Using museum collections to track adaptations
Species respond to climate change in three ways:
1) move to track the conditions they prefer
2) adapt to meet the new challenges they face
3) face local extirpation or extinction
Animal movement in response to climate is fairly well documented, as, unfortunately, are species declines. There are a growing number of studies that address adaptive change, but most focus on one or two species at a time. I want to know, in broad terms, what traits make a species more likely to undergo morphological change, and what kinds of changes they face in response to shifting climate conditions, including increased climate variability.
I am using museum specimens, both skeletal and fluid preserved, to investigate trends in body size and other physiologically important structures across climate gradients in time and space.
Rangewide survey for the giant kangaroo rat (Dipodomys ingens)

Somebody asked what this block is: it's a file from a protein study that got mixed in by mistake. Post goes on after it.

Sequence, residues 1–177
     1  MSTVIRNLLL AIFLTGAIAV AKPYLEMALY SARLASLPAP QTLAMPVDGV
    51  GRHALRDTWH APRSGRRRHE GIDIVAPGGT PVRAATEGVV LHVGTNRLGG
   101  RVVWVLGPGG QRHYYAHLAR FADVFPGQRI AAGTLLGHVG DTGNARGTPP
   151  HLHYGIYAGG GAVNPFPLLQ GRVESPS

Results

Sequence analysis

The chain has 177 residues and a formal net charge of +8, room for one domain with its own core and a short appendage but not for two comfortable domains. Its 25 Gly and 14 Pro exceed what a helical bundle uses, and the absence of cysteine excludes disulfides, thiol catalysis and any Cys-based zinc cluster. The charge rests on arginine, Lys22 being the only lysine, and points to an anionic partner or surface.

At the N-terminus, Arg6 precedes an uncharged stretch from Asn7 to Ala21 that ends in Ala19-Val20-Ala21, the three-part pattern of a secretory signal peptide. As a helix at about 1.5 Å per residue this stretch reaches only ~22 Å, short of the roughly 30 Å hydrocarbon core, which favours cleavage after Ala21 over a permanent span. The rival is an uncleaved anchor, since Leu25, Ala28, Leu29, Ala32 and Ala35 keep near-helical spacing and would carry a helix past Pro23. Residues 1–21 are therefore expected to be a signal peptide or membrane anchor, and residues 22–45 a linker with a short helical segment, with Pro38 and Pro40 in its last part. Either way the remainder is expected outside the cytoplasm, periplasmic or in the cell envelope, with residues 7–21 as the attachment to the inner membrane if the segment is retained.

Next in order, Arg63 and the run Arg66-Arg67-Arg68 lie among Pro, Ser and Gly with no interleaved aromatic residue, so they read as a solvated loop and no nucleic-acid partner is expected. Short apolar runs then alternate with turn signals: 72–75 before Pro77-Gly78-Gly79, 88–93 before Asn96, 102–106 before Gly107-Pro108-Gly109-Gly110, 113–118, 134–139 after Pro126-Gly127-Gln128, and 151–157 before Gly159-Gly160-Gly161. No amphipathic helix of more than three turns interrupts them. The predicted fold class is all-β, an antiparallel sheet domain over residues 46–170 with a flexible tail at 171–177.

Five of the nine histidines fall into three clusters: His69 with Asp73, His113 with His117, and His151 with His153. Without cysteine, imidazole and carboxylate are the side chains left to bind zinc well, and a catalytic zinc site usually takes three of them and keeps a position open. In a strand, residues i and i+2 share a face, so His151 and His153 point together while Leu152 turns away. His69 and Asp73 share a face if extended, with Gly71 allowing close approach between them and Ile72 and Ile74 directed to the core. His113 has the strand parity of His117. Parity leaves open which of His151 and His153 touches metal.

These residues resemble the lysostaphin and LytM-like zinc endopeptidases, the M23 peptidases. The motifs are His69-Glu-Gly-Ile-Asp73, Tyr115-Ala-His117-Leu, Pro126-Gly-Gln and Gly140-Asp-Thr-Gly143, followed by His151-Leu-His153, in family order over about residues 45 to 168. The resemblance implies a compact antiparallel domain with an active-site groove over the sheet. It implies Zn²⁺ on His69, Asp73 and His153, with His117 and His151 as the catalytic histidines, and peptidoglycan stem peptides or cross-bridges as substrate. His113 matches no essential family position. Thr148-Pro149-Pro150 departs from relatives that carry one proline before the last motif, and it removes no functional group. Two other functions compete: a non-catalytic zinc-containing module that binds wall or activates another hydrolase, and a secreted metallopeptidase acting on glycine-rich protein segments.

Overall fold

I managed a remote survey for giant kangaroo rats in which giant kangaroo rat burrow mounds were detected using ESRI basemap imagery covering the species historic range and surrounding area totalling up to 17,375 square kilometers.
Small mammal trapping
UAV and sign surveys
Other research experience
I worked as a field biologist for a couple of years in between finishing my undergrad degree and starting at HSU. Some of the highlights include:
Carrizo Plain Ecosystem Project (7 years of participation in this project as both an intern and crew lead!) (San Luis Obispo co. CA)
Small mammal trapping in the Redwood State and National Parks (Humboldt co. CA)
Field manager for the Kakamega Monkey Project (Isecheno, Kenya)
Data collection for baboon behavior study (Cape Town, South Africa)